I was taking a break from my shopping (with very sore feet) in Costa, having a cup of coffee, and to my left, perpendicular to me and with his back to me, was a guy in one of the armchairs with a wheelchair next to him. After a while, he made a move to go and pushed his chair back, back, back until I started to worry he’d push it into me. Then he got himself out of the armchair and into the wheelchair. After he was settled in the wheelchair he started to tug the armchair forward again and was struggling a little. Since the chair was right next to my elbow I helped him by pushing it and gave him a friendly smile.
He then started saying something to me. Initially I thought he was angry with me for helping him, so kind of ignored him. But he kept talking. I couldn’t really tell what he was saying as it was a little noisy and also he was quite speech impaired, so I just said “I was just trying to help”. So he wheeled over to me and I thought ‘uh oh, here we go’. But he explained he was just asking me my name. So I told him and he shook my hand, which was kind of nice.
However, he then proceeded to slowly and laboriously (he was *very* speech impaired) tell me that I “quite clearly used to be a man” (those were his exact words) but that he “liked me anyway” (well, gee thanks), and then started explaining something but by this time I was very uncomfortable and not really listening, but I’m pretty sure he was explaining why this meant he couldn’t date me or something. That was the general feeling I got anyway, but it was quite hard to follow him. I just politely said thank you. Thankfully he then said goodbye and left with his friend (or possibly carer).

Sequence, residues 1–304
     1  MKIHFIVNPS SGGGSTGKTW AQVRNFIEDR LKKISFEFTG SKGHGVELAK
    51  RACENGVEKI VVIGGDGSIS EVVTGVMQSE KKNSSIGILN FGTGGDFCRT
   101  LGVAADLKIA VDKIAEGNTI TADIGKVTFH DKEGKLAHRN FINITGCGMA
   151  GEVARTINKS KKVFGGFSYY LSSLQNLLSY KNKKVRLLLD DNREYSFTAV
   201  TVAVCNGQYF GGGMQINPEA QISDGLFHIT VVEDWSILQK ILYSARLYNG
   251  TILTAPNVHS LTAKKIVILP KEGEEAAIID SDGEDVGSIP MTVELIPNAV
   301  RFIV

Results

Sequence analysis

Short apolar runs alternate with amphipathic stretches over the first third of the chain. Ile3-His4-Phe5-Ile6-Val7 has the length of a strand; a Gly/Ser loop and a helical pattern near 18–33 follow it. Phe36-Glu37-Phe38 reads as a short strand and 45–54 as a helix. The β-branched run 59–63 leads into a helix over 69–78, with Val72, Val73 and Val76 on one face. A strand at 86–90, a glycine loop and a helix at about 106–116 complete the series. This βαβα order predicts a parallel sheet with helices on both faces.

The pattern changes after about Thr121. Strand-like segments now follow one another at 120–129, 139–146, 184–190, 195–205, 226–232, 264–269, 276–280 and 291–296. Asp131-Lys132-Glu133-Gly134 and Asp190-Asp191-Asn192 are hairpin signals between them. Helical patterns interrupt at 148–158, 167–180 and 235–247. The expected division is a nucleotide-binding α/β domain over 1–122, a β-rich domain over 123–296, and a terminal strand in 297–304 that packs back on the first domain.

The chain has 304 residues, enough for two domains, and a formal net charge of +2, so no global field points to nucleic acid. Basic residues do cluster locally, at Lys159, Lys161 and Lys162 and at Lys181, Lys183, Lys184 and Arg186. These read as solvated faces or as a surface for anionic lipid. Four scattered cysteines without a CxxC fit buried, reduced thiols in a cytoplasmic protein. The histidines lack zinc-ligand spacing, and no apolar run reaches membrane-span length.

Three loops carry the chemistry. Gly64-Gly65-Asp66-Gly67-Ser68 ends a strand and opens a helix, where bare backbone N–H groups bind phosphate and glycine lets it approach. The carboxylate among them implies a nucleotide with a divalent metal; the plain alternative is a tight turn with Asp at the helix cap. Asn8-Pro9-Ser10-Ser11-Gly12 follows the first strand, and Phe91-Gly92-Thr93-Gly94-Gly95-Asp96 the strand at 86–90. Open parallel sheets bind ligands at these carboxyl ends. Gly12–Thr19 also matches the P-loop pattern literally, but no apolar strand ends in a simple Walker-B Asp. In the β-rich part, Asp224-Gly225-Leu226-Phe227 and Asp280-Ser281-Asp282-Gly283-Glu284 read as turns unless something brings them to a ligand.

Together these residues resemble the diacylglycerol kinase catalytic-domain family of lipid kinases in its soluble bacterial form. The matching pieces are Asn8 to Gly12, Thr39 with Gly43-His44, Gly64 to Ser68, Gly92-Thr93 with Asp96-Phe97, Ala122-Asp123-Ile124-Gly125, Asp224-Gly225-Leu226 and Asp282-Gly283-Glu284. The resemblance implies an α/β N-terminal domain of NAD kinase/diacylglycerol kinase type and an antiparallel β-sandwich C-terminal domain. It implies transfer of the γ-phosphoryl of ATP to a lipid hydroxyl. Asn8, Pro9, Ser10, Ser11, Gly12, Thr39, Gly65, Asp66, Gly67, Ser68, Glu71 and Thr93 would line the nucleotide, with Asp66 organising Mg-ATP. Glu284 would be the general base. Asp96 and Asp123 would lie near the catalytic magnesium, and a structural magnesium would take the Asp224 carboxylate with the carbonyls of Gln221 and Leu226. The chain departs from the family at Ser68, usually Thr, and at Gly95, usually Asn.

I must confess I was under the (sadly misguided, it seems) illusion that I was a little more passable in public. ‘Quite clearly’ this appears not to be the case. *sighs*
It occurs to me, though, that if I had said to him that I liked him despite his disability, then that would have gone down extremely badly. Yet somehow he felt it was ok to say that he liked me despite my birth defect. Some might not agree that my gender identity being different from my birth gender is a birth defect, but I can’t see how else you could describe it.
I’m sure he meant no harm, and perhaps he felt he was paying me a compliment in some strange way, but it was a little depressing to have reality so unequivocally highlighted to me. Perhaps I was fooling myself that I look in any way passable.